Thursday, 6 December 2012

Patañjali’s Yogasūtras Vibhūtipāda 3:38

On popular demand, in the coming weeks, I'll be translating verses from Patañjali’s Yougasūtras, which form the philosophical foundations of Yoga. As a literary genre, sūtras are situated between the early (prose) upaniads and  metrical śāstric literature. While dating ancient Indian texts is notoriously difficult, most scholars agree that the sūtras were in vogue around the 2nd cen BCE. In a sūtra, all unnecessary words are discarded, keeping only those which are essential to the concept.

Let's make a start by looking at a very basic translation. I start with the vibhūtis - or siddhis, special powers that accrue to the yogī as a result of the practice of yoga. You can read my blog post about siddhis here:

Before we go on to describe the siddhis, an unequivocal warning from Patañjali - siddhis are an obstacle on the path to samādhi

PYS 3:38

ते समाधावुपसर्गा व्युत्थाने सिद्धयः 

ते समाधौ उपसर्गाः व्युत्थाने सिद्धयः  
सिद्धयः ते  समाधौ उपसर्गाः व्युत्थाने 

[The] unusual skills, they (are) obstacles with respect to samādhi, in [taking the mind] opposite from it's inward path*

सिद्धयः the powers = feminine nominative, plural noun

ते - they = masculine, plural, nominative pronoun agreeing with उपसर्गाः  
उपसर्गाः- misfortunes, seizures, troubles = masculine, nominative, plural noun. In prose, here we would supply सन्ति (are)  ते  उपसर्गाः सन्ति 
समाधौ - locative singular of समाधि = with respect to samādhi, a masculine noun meaning here, intense application of the mind, profound meditation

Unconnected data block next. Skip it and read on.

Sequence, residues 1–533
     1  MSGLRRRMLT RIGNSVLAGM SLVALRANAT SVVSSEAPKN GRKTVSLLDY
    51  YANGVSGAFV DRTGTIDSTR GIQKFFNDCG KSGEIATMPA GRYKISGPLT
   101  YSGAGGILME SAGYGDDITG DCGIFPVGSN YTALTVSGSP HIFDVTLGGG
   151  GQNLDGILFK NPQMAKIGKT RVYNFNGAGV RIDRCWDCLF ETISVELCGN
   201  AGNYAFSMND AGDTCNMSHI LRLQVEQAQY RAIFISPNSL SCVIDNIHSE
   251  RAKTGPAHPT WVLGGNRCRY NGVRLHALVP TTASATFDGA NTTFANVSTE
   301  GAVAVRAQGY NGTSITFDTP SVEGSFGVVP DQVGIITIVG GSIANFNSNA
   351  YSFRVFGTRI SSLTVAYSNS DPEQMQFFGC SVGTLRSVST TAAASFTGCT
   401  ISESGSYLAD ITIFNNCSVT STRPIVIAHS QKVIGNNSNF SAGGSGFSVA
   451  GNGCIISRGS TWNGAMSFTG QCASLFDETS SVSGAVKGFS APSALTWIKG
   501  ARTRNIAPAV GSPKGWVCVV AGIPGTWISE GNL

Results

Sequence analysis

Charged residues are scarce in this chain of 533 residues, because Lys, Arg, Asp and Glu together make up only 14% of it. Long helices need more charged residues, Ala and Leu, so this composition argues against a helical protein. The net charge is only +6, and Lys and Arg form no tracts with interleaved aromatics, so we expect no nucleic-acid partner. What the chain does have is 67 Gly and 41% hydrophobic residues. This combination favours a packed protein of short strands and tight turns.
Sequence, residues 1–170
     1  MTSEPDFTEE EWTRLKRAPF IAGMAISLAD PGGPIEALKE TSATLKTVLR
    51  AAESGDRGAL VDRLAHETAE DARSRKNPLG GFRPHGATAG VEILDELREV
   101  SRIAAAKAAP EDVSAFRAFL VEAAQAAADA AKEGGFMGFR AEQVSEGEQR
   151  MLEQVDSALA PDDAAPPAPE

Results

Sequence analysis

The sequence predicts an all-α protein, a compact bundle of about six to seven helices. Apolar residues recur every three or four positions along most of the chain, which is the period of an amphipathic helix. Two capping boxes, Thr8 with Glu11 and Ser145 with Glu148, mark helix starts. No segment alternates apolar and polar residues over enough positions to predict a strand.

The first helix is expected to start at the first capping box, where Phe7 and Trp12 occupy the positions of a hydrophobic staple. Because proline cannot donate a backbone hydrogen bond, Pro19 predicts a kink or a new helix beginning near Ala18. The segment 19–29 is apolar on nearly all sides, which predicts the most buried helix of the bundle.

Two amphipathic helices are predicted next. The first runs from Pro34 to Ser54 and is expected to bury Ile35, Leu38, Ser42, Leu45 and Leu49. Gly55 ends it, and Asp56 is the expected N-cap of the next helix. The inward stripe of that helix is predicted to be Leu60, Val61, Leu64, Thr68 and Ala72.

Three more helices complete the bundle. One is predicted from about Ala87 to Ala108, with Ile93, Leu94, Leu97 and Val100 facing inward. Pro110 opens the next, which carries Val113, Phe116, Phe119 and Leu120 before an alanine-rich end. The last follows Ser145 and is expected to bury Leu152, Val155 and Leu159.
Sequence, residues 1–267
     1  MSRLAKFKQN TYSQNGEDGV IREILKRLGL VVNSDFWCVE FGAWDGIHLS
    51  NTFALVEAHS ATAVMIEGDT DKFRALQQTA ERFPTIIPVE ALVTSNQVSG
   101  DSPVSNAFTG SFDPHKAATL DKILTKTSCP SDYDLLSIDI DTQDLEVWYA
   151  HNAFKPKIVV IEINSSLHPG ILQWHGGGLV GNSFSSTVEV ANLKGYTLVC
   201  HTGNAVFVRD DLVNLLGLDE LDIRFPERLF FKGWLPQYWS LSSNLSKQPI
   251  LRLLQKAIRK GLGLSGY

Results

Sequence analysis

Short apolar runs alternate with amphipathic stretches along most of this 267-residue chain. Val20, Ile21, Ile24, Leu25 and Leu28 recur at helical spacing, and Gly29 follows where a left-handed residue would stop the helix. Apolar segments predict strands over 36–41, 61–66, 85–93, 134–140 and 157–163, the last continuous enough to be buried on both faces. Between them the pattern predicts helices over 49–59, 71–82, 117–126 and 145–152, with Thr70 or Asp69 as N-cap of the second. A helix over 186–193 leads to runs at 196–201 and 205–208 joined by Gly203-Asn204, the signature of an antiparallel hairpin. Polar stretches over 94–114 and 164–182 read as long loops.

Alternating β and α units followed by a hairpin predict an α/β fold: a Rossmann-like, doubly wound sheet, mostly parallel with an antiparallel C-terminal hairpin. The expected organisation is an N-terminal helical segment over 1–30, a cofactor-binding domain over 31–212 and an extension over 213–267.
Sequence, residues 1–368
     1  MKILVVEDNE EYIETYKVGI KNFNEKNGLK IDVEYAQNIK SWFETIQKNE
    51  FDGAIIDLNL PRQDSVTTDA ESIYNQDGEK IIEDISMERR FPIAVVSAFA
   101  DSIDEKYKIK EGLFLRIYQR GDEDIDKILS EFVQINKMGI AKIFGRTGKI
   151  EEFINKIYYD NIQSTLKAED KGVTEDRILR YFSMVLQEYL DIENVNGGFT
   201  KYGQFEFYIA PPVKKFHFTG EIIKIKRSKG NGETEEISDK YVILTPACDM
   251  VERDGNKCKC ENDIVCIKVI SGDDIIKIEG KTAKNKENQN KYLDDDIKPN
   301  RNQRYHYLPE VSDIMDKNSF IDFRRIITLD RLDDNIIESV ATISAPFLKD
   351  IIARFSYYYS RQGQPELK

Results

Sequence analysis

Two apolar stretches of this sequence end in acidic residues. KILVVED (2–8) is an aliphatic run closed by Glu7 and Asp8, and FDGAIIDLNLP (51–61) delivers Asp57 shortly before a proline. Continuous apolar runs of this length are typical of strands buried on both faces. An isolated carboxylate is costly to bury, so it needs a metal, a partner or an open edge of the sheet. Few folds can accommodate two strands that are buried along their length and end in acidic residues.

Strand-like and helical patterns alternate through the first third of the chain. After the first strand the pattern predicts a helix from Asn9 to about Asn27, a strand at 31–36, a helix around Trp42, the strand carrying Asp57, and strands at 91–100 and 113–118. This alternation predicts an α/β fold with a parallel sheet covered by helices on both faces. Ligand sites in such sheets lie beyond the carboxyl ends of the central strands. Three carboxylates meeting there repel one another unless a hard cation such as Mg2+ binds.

व्युत्थाने - in rising up, opposing = locative, neutral noun व्युत्थान from vi+ut +sthā 

*The inward path of the mind is assumed, in trying to reach samādhi. The sūtras are mnemonic devices used to condense masses of information that students learning from a teacher would be familiar with. It makes the complex ones very difficult to read, and through the ages many commentaries have been written on them. The most famous being the Yogabhāśya attributed to Vyāsa; the Tattvavaiśāradi of Vācaspati Misra, and of course one by the Adi Śankarācarya. 

Yoga is one of the 6 schools of ancient & medieval Indian philosophy, and twinned with and distinguishable from Sāṃkhya  only in the fact that it admits a god. Sāṃkhya is an atheist philosophical system.In more recent centuries, every scholar and philosopher of repute has written a commentary, from his own philosophical standpoint. More than ever, then, it is recommended that you read at least 3-4 commentaries to get to the soul of the sūtra.  

My favourite commentary is Rāja Yoga by Swami Vivekananda. For translation I use "The Science of Yoga" by I.K Taimini.

If you wish to listen to and memorise the sūtras you can listen to them here:

1 comment:

Anonymous said...

Rohini -
What a dynamo you are! I have the Vivekananda and Taimini on my piano just now - so will take a look and be back with more words soon. I am especially grateful for the link to listen

having recited these sutras hundreds and hundreds of times, a check point is appreciated.
Will spread the word that you are doing this work to any of those who follow my twitter account who are interested in learning Sanskrit, or learning more of the details of the concepts and substance of the texts.